I would posit that, as these mediating institutions such as the Church and the family have deteriorated in modernity, so also has the sentimental education of the person that was carried out through them, resulting in a kind of impoverishment of proper emotion among the young today. We are not trained in what to feel, how to feel, and to what degree we are to feel it with respect to critical matters in life, chiefly matters of life, death, and ultimate meaning. There is a notion among some authors that sex and death, or religion and art, are the only things really worth writing about and discussing, and I rather sympathize with the idea. However, many were not clearly instructed about these matters through traditional rituals or practices, as these have eroded with the institutions in which they were established and maintained. So, given that there was no clear instruction because of a lack of ritual or practice as a result of the erosion of these institutions, one gets the sense that the supposedly critical matters do not in fact matter at all, and if they don’t matter, then it’s not clear that one’s attitude toward them is of much importance. Yet, when death strikes, or an opportunity for happiness arises, we are struck by virtue of the natural gravity these things hold for us as human beings. However, because of a lack of a proper sentimental education through the corresponding practices and rituals, one knows not what to do in the face of them, resulting in a kind of hopeless, fumbling confusion or numbness. The confusion then produces paralysis and a fatal lack of resolve.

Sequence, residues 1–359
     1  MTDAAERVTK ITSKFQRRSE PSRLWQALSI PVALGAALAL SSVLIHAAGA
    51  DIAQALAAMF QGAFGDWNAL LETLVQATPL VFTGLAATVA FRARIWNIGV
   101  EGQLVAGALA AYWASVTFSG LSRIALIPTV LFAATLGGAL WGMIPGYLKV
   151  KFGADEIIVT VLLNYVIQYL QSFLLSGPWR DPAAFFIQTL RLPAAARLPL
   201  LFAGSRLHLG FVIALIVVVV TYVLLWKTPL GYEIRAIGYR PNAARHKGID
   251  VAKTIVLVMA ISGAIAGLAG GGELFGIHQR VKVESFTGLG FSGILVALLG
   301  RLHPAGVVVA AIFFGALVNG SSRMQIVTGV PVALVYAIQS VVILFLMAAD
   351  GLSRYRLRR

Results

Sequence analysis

The above picture of confusion or numbness constitutes the impoverishment of feeling or sentiment I referred to at the beginning of the essay, and it seems that the lack of sentimental education within mediating institutions has further produced a superficiality of feeling that has taken the place of more profound sentiments of those who were trained through the old institutions of times past.
Ernst Junger treats this topic in his essay On Pain in which he critiques modern liberal education, noting that the soldier and the seminarian, who are trained as “types” rather than as “individuals,” possess a resolve manifest in their hardened faces. They know their task, their end, and their corresponding sentiments as they have been clearly trained with regards to these things. The modern bourgeois, liberally educated man, however, possesses a face that is “soft,” vaguely confused, and irresolute on account of his approach to education not as a “type” but as an “individual” whose life lacks the resolve and the clarity of purpose of the previous two kinds on account of the multiplicity of options before him and his lack of serious commitment to any one of them.